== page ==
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Forest under pressure: Diseases, pests and disturbances

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Forests are exposed to a wide range of disturbances, including damage caused by insects, pathogenic agents and storms. Non-native organisms also alter various ecosystems. We investigate how illnesses affect trees and forests, how they can withstand such disturbances and how well they recover afterwards.

 

Fungi and – in rarer cases – bacteria, nematodes, phytoplasms or viruses along with a huge variety of insects infest and cause harm to trees. Disease can cause symptoms in all parts of the tree, such as the roots (e.g. phytophthora), the bark (as is the case for bark beetles) or in the crown (ash dieback).

Trees weakened as a result of dryness, frost, poor light or nutrients are more susceptible to pests and diseases. Climate change is expected to increase infestation by harmful organisms. A warmer climate will also favour the survival of non-native pests, which trees are less well-equipped to combat than native pests.

 

Monitoring forest health

In the group forest entomology we are also investigating the impact of climate change on bark beetle infestation. The bark beetle is a native pest, but has the potential to cause major damage.

We manage the 'Swiss Forest Protection' centre, which monitors pest and disease infestation in the forest as well as other damage such as browsing by game or environmental influences. We diagnose forest pests, advise forestry practitioners and authorities, survey forestry commission offices about forest damage, and hold training courses.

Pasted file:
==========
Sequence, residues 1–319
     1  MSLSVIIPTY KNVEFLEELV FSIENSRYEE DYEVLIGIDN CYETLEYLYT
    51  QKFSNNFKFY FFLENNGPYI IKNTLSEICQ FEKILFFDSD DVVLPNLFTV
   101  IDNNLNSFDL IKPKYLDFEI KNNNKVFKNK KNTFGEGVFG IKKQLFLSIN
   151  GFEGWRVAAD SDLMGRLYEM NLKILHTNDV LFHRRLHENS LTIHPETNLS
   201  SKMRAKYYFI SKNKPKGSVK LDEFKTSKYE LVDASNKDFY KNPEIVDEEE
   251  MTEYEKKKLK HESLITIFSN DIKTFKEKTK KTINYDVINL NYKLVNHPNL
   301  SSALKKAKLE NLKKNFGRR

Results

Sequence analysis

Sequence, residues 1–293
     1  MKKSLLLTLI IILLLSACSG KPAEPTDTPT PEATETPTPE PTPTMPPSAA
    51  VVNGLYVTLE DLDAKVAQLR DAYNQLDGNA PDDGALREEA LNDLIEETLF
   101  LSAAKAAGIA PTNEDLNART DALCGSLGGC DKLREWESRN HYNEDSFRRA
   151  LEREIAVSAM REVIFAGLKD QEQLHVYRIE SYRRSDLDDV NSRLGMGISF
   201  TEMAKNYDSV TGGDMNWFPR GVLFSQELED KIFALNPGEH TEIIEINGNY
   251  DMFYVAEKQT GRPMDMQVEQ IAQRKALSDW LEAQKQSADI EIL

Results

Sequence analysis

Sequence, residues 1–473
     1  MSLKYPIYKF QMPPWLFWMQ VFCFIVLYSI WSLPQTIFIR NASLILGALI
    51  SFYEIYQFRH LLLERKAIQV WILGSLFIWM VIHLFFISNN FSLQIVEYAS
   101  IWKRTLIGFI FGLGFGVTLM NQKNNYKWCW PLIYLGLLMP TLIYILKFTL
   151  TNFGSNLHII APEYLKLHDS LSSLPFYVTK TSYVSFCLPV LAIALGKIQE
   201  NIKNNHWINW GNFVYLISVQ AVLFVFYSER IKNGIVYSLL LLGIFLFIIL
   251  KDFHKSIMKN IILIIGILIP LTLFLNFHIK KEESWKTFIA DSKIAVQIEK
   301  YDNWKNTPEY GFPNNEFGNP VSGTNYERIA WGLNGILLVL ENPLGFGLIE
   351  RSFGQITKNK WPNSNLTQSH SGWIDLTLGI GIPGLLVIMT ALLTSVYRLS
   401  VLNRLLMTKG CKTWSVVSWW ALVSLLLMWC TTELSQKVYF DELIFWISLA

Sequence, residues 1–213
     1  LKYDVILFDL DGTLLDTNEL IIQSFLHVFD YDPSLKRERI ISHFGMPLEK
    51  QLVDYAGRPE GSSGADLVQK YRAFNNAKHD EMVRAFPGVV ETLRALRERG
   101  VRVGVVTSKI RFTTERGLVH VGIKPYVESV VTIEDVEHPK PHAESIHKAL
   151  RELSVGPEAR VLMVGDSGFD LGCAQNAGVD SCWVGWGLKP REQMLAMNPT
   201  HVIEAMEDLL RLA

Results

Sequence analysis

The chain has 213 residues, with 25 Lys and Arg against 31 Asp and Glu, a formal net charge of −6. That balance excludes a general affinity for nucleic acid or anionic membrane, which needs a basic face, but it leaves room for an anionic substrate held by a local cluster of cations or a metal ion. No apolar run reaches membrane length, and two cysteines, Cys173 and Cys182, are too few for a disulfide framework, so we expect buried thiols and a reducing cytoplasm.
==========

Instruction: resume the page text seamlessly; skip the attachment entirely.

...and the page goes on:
The group phytopathology conducts research into plant diseases. We use genetic and epidemiological methods to determine the causative organisms and investigate how they spread and infest their hosts. We also look for potential organic strategies to combat these organisms. Our research helps with risk analysis, diagnostics and controlling pathogenic agents

Our research focuses primarily on quarantine organisms, i.e., particularly dangerous organisms whose proliferation in Switzerland must be prevented at all costs. We are able to examine their behaviour and disease patterns under highly secure conditions in our plant protection laboratory. We also support the Swiss Federal Plant Protection Service.

 

Storms, forest fire, avalanches

Extreme events such as storms, forest fires, droughts or avalanches can cause damage to larger forest areas. We investigate the significance of these events on forest development. We perform a range of experiments, e.g. to test how resistant certain types of trees are to arid conditions and how long repopulation takes after a forest fire. More extreme events of this kind are expected as climate change continues its rapid advance. In the light of rising demand for wood, the significance of such disturbances will increase.

 

Topics

Swiss forest protection

We diagnose forest diseases and inform the authorities, pracitioners and the public about forest protection.

Forest diseases

Various agents trigger diseases in forest trees. We diagnose and monitor these agents in order to find methods of controlling them.

Forest pests

All kinds of animals attack forest trees. In protection and commercial forests, this natural process is usually undesirable and measures are taken to...

Antagonists

We study natural enemies of forest pests in order to identify ecologically safe control measures.

Storms and windfall

Storms Vivian (1990) and Lothar (1999) affected large forest areas in Switzerland. We studied their consequences over a long period of time.

The consequences of forest fires

Forest fires destroy habitats and compromise the protective function of the forest, but species diversity is astonishingly high after a forest fire. ...

 

Further information